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EU strengthens protection for victims

The Victims’ Rights Directive will give victims of crime stronger rights to support and protection across the European Union.

EU Member States have until 16 November this year to implement the rules into national law. The new directive replaces the 2001 Framework Decision. It builds upon the minimum rights already established and sets clearer obligations for Member States. The Directive was adopted on 25 October 2012. The European Commission issued a guidance document to guide Member States in implementing the new rules.

Additional rights and obligations under the new rules:

– Victims have the right to understand and be understood. Communication must be accessible and in a language understood by the victim, including non-EU languages where appropriate. For children, communication must be adapted accordingly.
– Member States must guarantee access to a basic level of support services and facilitate police referrals to victim support organisations. Victims must have access regardless of whether they officially report the crime. For vulnerable victims or those with special needs, there must be access to specialist services, such as shelters, trauma support and counselling.
– Victims must be informed if the offender will not be prosecuted and have right to have such a decision reviewed.
– Victims must receive an individual assessment to see whether they are vulnerable to secondary or repeat victimisation or intimidation during criminal proceedings. If so, special measures must be put in place to protect them.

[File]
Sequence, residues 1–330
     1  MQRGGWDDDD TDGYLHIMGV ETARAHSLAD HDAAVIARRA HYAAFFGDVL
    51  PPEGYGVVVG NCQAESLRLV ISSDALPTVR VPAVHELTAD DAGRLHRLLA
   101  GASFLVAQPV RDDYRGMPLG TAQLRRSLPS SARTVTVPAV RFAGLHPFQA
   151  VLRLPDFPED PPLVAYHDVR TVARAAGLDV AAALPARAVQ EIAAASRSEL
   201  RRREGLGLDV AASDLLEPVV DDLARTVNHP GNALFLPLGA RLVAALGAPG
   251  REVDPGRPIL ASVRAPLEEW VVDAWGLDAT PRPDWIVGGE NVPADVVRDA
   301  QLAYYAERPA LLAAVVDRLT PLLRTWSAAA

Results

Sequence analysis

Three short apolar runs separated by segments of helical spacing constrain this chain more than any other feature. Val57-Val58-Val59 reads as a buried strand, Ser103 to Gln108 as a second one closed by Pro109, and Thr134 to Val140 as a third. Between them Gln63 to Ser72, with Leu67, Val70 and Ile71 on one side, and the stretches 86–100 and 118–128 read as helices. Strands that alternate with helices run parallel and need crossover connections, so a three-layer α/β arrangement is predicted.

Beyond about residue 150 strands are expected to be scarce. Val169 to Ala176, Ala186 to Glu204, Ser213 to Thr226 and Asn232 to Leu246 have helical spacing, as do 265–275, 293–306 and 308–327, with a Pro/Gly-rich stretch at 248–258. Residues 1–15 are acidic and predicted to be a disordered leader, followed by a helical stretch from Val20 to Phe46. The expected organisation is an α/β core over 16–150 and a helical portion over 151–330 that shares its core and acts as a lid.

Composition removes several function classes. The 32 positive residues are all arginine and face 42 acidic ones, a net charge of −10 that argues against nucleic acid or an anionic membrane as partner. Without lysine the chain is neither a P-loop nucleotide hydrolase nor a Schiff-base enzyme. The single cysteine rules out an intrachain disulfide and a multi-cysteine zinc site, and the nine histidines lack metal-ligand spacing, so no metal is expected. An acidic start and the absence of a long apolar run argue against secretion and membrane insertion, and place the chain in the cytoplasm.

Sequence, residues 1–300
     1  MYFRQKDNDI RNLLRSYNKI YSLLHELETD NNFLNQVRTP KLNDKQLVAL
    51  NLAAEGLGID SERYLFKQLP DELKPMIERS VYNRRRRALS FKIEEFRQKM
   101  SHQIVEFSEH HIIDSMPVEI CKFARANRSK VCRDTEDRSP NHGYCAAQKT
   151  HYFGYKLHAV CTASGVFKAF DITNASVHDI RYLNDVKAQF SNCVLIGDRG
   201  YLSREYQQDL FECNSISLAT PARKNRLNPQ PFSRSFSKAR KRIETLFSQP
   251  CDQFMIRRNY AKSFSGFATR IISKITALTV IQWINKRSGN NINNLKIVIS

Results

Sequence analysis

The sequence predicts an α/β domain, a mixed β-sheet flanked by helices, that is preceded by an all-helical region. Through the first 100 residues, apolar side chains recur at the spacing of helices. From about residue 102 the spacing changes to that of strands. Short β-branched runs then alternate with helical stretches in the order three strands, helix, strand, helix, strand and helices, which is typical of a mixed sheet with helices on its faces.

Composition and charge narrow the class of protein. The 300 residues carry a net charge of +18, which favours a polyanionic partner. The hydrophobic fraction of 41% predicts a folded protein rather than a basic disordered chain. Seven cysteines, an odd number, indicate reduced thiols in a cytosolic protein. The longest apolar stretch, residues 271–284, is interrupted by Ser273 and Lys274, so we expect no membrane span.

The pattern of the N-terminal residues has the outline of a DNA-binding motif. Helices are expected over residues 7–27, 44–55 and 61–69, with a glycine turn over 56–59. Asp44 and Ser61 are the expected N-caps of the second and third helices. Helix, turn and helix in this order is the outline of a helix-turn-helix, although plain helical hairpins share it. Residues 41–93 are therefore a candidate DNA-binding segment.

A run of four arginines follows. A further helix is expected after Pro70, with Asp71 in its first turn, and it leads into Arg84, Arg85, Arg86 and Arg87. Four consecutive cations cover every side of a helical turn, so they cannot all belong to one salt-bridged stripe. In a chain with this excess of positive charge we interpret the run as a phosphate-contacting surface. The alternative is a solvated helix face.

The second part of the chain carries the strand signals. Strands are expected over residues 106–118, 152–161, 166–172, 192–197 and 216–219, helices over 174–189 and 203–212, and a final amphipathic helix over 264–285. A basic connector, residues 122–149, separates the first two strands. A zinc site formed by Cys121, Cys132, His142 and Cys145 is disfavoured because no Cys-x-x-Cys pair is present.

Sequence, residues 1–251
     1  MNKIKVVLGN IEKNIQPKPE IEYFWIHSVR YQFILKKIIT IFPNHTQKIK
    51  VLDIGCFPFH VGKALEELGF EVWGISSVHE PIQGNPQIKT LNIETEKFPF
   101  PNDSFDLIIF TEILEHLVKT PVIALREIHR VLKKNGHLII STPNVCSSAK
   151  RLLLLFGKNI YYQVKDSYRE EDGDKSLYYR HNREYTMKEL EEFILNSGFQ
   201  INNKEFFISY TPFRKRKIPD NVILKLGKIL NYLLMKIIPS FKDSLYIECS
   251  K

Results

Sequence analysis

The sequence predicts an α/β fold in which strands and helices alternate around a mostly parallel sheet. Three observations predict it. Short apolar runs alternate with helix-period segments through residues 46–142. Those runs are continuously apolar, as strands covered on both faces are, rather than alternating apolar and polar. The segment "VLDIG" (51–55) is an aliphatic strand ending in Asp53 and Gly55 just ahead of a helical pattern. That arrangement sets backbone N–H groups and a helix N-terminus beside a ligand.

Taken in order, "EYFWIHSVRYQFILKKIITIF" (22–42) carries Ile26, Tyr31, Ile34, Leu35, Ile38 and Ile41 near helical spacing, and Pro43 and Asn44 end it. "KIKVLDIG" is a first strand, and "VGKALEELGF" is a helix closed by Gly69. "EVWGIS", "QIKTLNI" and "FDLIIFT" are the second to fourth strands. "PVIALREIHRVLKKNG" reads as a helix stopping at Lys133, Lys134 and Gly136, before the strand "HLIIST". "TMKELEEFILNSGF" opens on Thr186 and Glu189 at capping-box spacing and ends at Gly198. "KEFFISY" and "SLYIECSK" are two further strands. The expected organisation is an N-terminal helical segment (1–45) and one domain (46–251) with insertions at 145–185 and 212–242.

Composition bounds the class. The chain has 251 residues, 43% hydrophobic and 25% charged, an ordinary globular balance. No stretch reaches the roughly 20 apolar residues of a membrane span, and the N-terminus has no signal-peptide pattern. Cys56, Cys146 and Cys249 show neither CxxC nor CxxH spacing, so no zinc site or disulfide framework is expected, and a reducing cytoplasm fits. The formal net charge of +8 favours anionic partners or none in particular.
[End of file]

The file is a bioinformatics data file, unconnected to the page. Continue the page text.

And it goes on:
– There must be particular attention for the most vulnerable, notably victims of particularly severe crimes, children, and victims of terrorism, organised crime, human trafficking, gender-based violence, violence in close relationships, sexual violence, or hate crime.
– Family members have more rights – the definition of victim is widely defined and now includes family members of deceased victims as direct victims. Family members of surviving victims have the right to support and protection.
Example of how the Directive will improve the situation for crime victims:

While on holiday in another EU Member State, Stephanie was violently attacked and robbed. At the police station, she receives information on her rights in her own language and an interpreter helps her make her statement in her mother tongue. She receives a translated, written acknowledgment of her complaint and is informed about next steps. She is referred to a specialised victim support organisation. Once back home, the authorities abroad keep her informed about all stages of the criminal proceedings. When she testifies in court, special measures are put in place so she does not have to face the offender again. When the offender is sent to prison, she is asked whether she wants to be informed about his release. As of 16 November 2015, these safeguards will apply throughout the EU.
The European Protection Order

To protect victims of violence and harassment, national authorities often grant specific protection measures to prevent further aggression or re-assault by the offender. New rules introduced in January this year mean that a person granted a protection order in one Member State continues to benefit from this protection when moving or travelling within the EU.
Right to compensation

The Directive relating to compensation to victims of crime means that people in the EU can apply for state compensation when they fall victim to crime abroad, and receive assistance to do so. All Member States must have a state compensation scheme providing fair and appropriate compensation to victims of intentional violent crime. When crimes are committed in another Member State, victims can turn to an authority in the country where they live to apply for compensation and get help with the formalities.


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